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Hydroponics – The Future of Local Farming in the Maldives
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More often than not if you are eating on any of the Maldives’ inhabited islands your chicken has been imported from South America, your tomatoes from India and your cheese from the Middle East. Your food has flown more than you might in a year just to get to reach your plate!

With the exception of coconut and tuna, 90% of all food items are imported to the Maldives. This is because of a lack of space and the unsuitability of much of the soil for farming. Dry land constitutes just 1% of the Maldives territory, and only 29.8 square kilometers of this is arable. Most of the ground is shallow and nutrient deficient, which is fine for coconuts but not much use for agriculture.

When space is at a premium, the majority of food is imported, and the population continues to expand exponentially, hydroponics offers a much-needed solution.

What is Hydroponic Farming?

Hydroponic farming is a sustainable system of agriculture which allows crops to be grown in areas where the land is unsuitable for farming. Without using pesticides, the hydroponics system substitutes soil with mineral nutrient solutions in water.

Maduvarri Island Farming. Photo credit: Maduvarri Island

As hydroponics operations are still reasonably new in the Maldives, they currently account for a small percentage of the fruits and vegetables consumed in the country. But several resorts including Soneva Fushi and Kuramathi have small-scale hydroponics projects growing things like lettuce, herbs, and chili for their kitchens and Soneva Fushi grows enough mushrooms to sell them to the inhabited islands of the Maldives too.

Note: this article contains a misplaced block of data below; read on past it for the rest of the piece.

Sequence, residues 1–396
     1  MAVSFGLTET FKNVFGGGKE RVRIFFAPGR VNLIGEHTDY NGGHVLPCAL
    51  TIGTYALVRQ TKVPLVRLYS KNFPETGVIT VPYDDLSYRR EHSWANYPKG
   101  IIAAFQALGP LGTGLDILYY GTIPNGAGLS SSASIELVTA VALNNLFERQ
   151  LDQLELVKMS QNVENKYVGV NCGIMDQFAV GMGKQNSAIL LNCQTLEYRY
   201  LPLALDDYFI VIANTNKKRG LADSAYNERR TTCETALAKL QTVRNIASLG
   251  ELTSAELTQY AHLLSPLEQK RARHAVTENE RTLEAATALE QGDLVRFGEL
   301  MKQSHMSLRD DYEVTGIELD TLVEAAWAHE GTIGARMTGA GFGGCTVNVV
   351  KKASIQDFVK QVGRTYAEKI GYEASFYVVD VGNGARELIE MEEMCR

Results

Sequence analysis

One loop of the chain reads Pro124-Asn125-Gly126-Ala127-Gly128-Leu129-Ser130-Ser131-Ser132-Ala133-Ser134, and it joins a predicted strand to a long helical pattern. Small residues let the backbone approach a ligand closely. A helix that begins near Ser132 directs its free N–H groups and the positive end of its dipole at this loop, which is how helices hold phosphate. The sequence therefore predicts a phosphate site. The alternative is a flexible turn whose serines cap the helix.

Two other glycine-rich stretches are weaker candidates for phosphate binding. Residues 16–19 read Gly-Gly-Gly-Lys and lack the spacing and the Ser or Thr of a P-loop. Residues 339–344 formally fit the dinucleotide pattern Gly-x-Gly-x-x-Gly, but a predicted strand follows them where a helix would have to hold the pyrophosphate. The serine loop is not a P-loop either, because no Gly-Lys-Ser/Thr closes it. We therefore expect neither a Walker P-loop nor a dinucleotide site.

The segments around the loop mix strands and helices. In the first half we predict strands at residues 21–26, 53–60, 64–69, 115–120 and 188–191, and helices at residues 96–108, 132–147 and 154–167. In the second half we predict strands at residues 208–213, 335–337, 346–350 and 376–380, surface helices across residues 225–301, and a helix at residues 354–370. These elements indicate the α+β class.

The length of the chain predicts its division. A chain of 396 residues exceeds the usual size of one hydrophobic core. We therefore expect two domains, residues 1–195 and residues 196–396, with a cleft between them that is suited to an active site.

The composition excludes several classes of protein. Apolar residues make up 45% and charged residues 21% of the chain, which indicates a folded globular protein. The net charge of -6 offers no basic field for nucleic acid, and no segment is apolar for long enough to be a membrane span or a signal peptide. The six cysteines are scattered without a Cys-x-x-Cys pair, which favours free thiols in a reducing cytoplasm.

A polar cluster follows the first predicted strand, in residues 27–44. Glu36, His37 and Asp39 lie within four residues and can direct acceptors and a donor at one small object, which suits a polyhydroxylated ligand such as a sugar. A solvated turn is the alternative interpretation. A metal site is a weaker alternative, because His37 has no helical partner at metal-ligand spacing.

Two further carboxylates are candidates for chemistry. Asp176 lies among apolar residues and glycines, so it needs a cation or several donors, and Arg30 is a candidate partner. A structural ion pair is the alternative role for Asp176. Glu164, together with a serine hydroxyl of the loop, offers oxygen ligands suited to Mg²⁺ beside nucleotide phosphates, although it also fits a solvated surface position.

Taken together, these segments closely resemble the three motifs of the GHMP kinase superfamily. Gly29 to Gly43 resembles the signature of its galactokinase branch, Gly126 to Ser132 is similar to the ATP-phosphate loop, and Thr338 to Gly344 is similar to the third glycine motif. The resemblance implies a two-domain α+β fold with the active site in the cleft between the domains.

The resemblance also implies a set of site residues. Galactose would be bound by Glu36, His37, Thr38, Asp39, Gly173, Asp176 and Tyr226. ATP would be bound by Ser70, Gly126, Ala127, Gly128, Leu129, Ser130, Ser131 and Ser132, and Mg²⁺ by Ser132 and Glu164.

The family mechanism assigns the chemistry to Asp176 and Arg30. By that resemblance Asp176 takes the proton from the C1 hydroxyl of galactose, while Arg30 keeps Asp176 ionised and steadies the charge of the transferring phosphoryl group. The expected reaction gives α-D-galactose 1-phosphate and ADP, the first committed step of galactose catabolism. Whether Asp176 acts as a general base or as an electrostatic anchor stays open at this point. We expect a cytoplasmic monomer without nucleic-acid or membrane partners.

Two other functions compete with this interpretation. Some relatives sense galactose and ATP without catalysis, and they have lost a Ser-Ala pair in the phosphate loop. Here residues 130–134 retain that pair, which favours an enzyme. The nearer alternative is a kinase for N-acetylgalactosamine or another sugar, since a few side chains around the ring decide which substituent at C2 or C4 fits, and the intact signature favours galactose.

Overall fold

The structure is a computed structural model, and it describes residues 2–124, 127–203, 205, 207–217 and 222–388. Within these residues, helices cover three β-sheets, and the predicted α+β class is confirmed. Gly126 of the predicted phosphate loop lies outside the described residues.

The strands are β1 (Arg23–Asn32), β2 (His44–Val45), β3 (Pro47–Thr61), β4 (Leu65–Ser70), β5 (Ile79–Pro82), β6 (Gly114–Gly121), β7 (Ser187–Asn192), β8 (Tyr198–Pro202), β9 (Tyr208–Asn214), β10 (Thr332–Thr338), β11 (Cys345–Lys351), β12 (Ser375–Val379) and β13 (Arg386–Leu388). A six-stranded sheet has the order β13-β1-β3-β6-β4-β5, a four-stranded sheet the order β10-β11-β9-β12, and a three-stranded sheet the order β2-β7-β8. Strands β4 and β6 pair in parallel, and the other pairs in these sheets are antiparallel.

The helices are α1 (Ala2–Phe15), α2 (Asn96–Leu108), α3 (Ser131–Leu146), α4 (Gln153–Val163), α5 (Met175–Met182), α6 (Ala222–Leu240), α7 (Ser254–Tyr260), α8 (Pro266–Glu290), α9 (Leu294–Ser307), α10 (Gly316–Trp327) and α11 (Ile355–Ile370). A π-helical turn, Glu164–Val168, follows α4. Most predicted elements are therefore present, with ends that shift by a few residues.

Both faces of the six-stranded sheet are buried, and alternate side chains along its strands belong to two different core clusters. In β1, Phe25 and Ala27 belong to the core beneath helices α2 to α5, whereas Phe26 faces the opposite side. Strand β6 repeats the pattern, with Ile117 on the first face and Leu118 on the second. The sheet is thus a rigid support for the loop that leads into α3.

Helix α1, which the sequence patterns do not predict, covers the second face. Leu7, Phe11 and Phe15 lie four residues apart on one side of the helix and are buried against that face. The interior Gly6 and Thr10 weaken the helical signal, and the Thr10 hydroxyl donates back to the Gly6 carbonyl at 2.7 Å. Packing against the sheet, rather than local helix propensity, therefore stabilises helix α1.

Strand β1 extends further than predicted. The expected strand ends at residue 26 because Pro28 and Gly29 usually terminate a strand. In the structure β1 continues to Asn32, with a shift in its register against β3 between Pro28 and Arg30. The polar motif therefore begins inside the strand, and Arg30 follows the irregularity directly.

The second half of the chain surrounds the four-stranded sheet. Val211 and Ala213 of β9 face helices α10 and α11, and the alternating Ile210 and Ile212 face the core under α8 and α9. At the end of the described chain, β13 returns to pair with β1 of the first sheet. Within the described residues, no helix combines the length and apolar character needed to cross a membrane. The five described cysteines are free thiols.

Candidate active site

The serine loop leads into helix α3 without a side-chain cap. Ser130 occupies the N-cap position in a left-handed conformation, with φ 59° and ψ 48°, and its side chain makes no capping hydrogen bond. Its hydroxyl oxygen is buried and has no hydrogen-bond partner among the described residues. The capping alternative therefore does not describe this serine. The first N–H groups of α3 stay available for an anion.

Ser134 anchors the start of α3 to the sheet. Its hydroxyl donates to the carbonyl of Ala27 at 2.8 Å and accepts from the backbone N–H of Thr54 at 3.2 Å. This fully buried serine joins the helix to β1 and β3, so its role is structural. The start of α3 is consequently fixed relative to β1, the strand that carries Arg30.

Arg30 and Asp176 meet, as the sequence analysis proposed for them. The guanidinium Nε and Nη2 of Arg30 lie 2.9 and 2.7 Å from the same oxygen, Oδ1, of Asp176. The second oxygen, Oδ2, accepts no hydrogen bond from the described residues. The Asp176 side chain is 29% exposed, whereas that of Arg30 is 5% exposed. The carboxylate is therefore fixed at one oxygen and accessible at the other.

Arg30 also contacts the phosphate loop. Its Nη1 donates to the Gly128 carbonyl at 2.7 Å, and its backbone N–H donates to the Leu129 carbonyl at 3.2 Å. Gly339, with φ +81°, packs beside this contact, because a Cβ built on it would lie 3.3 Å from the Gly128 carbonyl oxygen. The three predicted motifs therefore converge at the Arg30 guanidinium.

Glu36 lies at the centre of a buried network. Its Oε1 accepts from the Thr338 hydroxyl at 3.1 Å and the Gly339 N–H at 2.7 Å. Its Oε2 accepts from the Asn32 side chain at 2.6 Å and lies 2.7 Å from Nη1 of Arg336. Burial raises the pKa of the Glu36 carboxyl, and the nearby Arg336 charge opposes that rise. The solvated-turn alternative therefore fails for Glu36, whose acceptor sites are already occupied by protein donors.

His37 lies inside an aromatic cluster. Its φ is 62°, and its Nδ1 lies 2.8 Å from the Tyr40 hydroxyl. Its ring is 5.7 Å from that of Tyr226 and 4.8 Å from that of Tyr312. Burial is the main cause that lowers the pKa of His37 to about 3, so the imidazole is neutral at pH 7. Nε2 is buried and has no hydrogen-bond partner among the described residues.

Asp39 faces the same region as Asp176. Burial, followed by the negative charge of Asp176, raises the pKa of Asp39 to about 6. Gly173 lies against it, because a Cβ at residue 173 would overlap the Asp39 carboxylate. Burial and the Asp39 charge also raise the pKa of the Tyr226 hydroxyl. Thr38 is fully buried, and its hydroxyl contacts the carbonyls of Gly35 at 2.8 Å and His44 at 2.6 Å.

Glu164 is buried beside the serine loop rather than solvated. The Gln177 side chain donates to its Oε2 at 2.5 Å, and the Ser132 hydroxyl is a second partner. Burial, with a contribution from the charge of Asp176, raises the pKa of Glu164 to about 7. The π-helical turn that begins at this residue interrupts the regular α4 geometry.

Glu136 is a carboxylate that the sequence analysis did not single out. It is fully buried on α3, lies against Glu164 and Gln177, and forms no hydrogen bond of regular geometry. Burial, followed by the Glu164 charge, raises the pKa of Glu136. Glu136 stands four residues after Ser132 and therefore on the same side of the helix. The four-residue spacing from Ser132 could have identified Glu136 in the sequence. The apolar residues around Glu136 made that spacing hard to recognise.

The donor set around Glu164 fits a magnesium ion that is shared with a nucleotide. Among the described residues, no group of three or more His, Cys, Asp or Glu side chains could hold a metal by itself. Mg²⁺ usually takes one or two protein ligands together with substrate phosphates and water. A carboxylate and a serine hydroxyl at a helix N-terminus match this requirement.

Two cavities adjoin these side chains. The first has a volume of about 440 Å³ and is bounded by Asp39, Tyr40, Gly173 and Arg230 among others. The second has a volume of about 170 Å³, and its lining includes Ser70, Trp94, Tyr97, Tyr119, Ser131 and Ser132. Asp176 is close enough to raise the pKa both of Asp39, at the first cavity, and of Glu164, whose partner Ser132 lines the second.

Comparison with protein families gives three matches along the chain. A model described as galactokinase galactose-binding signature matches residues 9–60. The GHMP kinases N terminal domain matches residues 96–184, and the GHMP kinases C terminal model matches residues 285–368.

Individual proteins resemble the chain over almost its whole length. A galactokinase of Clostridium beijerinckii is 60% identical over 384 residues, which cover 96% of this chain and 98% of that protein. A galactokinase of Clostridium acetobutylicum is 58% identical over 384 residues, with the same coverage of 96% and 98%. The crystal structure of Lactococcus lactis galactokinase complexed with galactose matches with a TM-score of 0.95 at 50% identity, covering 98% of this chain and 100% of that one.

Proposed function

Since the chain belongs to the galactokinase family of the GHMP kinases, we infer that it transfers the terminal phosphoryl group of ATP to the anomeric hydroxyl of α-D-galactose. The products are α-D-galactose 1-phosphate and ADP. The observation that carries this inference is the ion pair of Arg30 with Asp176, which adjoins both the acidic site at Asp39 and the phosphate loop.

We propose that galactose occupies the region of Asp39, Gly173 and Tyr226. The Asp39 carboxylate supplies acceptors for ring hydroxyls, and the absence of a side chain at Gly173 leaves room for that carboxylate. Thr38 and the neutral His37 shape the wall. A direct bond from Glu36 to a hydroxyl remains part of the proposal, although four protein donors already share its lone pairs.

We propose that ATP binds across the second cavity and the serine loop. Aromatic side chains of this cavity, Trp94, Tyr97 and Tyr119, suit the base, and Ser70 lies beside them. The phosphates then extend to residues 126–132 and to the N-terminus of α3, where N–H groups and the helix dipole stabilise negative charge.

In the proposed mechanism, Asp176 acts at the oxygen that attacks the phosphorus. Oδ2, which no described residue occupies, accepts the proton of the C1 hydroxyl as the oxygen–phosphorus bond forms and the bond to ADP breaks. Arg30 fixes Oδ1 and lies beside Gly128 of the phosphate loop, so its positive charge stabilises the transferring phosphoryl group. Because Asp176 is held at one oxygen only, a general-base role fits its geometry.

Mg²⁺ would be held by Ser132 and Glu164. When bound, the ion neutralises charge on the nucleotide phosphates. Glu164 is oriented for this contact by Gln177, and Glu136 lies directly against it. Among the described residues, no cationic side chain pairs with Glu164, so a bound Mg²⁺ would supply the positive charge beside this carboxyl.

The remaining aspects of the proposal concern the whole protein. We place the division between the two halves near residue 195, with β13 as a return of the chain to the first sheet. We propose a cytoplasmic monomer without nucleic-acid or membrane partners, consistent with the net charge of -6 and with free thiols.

Soneva Fushi Vegetable Garden. Photo credit: Soneva Fushi

Some inhabited islands also have small-scale hydroponics projects, but currently, only two inhabited islands have larger-scale agricultural hydroponics projects: Maafahi and Thoddoo (which were already agricultural islands for many years before this). Various other agricultural projects are also being implemented in Thoddhoo right now, including climate-controlled greenhouses.

An estimated 41 types of fruit and vegetables are being grown on Maafahi, which among other produce is famous for its many varieties of lettuce while Thoddoo is the country’s largest producer of watermelons.

Thoddoo is the country’s largest producer of watermelons. 

Both islands plan to develop and expand their hydroponics projects to cater for the growing demand both in inhabited islands and from resorts looking for cost-efficient solutions to the problem to the problem of supplying fresh produce to the ever increasing population of the Maldives.

(Source: Eat.mv, Issue 01, 2015)

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